Glenn Kessler is on a roll debunking the hysterical claims of prohibitionists, and this week he slams the “average age of entry into prostitution is 13” stat with four Pinocchios.
In the latest example of anti-trafficking laws destroying futures rather than saving lives, we have two Oregon teens, one of whom is expected to be sentenced to four years in federal prison, after which she can’t access FAFSA or expect most jobs to hire her.
So, if disabled men also pay for sexual services, what happens to them when paying for it becomes a crime? Good question!
Last week’s episode of Carte Blanche, a South African reality show, introduced Gita November, site co-ordinator for South African sex work organization SWEAT, without any condemnation and in fact called her “inspirational.”
The production team behind 8 Minutes says they weren’t expecting the independent sex workers they got, which is still no excuse for how they treated them—and, as the article notes, they weren’t equipped to help trafficking victims either, so it’s just good all around that the show got cancelled.
Last week was the annual Red Umbrella March, which carries new urgency in Vancouver as Canadian workers face End Demand repercussions, although Vancouver police have stated they will not be enforcing the new law.
Faisal Riza, a queer sex worker in Indonesia, is doing harm reduction outreach and education among Indonesian sex workers. Although the climate in Jakarta is less oppressive and homophobic than in the past, it’s an ongoing struggle.
Sex workers from all over Europe, many representing hundreds of thousands of workers in unions, gathered in Lyon to lobby for decriminalization and against the End Demand model, which threatens their lives as well as their livelihoods.
This is kind of neato—The Star Tribune has a blog called “Yesterday’s News” where it digs up old-timey newspaper articles, photos and ads. This week’s feature made the front page of the Minneapolis Tribune on May 9, 1953: Darlene LaBette Varallo, an “esoteric dancer”, was jailed for disorderly conduct. Two follow-up articles detail the handling of the evidence (“two little rhinestone-studded cones, a few lengths of gauze, a fringe and a pair of black net tights”) and the trial, which was complete with a lie detector test and testimony where the defendant explains that she was only guilty of a wardrobe malfunction:
SHE DESCRIBED her dance as a “can-can” plus a mixture of “a shuffle, ball hop, kick, twirls.” She denied Sullivan’s charge that she had bent over and shaken parts of her anatomy at the audience.
“You can’t bend over when you dance or you lose your equilibrium,” said Darlene, who testified she has danced since the age of 3 and was an Arthur Murray instructor for two years.
She said she certainly was wearing state’s exhibit F (the brassiere) when she began to dance but had to discard it because a strap broke. She also denied removing the state’s exhibit E (a tasseled fringe) from its original position around her – ah – middle.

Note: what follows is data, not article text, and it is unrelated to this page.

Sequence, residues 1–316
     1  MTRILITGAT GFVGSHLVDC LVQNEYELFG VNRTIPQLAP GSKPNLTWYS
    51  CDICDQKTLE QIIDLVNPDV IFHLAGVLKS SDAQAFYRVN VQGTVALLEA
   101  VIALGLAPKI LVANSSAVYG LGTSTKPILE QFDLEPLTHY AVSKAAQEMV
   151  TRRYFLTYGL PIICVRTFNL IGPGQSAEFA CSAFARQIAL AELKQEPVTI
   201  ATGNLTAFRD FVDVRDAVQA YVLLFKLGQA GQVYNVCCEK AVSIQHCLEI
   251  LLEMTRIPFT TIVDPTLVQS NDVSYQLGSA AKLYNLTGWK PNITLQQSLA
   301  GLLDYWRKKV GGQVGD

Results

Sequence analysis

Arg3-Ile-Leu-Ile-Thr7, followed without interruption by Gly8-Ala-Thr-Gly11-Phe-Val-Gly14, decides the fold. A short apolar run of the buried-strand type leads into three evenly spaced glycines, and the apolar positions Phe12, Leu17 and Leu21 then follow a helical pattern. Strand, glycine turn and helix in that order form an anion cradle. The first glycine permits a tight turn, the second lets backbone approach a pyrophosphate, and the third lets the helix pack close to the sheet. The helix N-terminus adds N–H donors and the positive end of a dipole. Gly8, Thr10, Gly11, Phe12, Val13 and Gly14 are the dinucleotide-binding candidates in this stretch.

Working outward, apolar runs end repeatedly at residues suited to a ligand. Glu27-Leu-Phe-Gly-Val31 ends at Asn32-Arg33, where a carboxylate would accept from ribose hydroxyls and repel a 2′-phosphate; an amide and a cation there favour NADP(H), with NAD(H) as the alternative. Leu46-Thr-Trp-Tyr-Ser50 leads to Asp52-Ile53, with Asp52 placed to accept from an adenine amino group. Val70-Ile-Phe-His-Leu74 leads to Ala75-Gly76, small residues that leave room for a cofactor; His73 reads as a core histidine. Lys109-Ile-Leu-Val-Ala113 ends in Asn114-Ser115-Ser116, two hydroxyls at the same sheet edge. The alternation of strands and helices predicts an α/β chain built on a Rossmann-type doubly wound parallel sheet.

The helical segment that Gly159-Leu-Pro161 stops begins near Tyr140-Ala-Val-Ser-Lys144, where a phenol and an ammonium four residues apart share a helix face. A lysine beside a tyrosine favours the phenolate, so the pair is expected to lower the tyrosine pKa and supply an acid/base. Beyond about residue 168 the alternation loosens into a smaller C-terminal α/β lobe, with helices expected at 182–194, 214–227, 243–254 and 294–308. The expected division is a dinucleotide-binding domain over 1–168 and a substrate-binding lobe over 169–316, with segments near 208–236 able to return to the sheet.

In this video game brothel, clients and workers become disembodied parts before they fuse together in a scene that manages to be amusing and nightmarish at the same time.
The top Honolulu prosecutor had to drop charges against the massage parlor workers who were arrested in a raid and then charged with sexual assault after the police couldn’t find enough evidence to charge them with prostitution. Elizabeth Nolan Brown shreds the whole incident and points out that, while charges are dropped, some of the women are still vulnerable to deportation.
Katie Hail-Jares calls out the Honolulu Police Department’s use of coercive tactics to “rescue” sex workers and discusses the multiple ways this policy is not only ineffective, but outright damaging.
A South African ex-sex worker and Sisonke activist discusses the economic circumstances that led to him going into sex work and the social stigma and violence South African male sex workers face.
Despite all the big talk about rescuing sex workers and helping people who want out of the industry, the Canadian sex work exit fund is too small to be of much use to anyone. More on that.
The Terrence Higgins Trust in the UK seems to be actually invested in helping HIV positive sex workers leave the industry! Unsurprisingly, THT actually works with sex worker support group SWISH.
“It is unacceptable to find people engaged in commercial sex and then educating them on how to avoid contracting HIV. The only solution to addressing HIV prevalence is to prohibit prostitution,” Ms Ali said.
And on that note: two new studies are out examining why the attempts of other Indian states to replicate the success of Kolkata’s Sonagachi project—a “programme of HIV prevention through community mobilisation…intended to empower sex workers to tackle the social conditions which made them more vulnerable to HIV”—met with different results.